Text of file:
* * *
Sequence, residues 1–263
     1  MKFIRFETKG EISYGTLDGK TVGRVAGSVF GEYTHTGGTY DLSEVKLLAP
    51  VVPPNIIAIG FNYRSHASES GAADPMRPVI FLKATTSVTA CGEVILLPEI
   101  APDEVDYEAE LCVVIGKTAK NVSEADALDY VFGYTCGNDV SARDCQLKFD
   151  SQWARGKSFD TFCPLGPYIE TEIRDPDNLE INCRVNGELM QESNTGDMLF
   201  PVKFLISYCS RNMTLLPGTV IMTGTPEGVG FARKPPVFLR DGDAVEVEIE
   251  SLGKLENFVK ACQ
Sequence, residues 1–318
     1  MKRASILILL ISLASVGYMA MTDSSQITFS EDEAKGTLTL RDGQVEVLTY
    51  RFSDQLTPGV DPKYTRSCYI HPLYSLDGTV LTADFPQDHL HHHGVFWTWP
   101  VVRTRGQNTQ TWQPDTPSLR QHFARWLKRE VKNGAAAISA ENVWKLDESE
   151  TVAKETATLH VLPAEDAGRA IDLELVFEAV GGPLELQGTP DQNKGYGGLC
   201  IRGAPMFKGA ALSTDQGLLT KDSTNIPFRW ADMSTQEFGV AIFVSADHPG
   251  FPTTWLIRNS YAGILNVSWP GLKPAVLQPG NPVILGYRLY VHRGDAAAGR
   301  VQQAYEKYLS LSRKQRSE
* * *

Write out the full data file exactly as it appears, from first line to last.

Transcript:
Sequence, residues 1–263
     1  MKFIRFETKG EISYGTLDGK TVGRVAGSVF GEYTHTGGTY DLSEVKLLAP
    51  VVPPNIIAIG FNYRSHASES GAADPMRPVI FLKATTSVTA CGEVILLPEI
   101  APDEVDYEAE LCVVIGKTAK NVSEADALDY VFGYTCGNDV SARDCQLKFD
   151  SQWARGKSFD TFCPLGPYIE TEIRDPDNLE INCRVNGELM QESNTGDMLF
   201  PVKFLISYCS RNMTLLPGTV IMTGTPEGVG FARKPPVFLR DGDAVEVEIE
   251  SLGKLENFVK ACQ
Sequence, residues 1–318
     1  MKRASILILL ISLASVGYMA MTDSSQITFS EDEAKGTLTL RDGQVEVLTY
    51  RFSDQLTPGV DPKYTRSCYI HPLYSLDGTV LTADFPQDHL HHHGVFWTWP
   101  VVRTRGQNTQ TWQPDTPSLR QHFARWLKRE VKNGAAAISA ENVWKLDESE
   151  TVAKETATLH VLPAEDAGRA IDLELVFEAV GGPLELQGTP DQNKGYGGLC
   201  IRGAPMFKGA ALSTDQGLLT KDSTNIPFRW ADMSTQEFGV AIFVSADHPG
   251  FPTTWLIRNS YAGILNVSWP GLKPAVLQPG NPVILGYRLY VHRGDAAAGR
   301  VQQAYEKYLS LSRKQRSE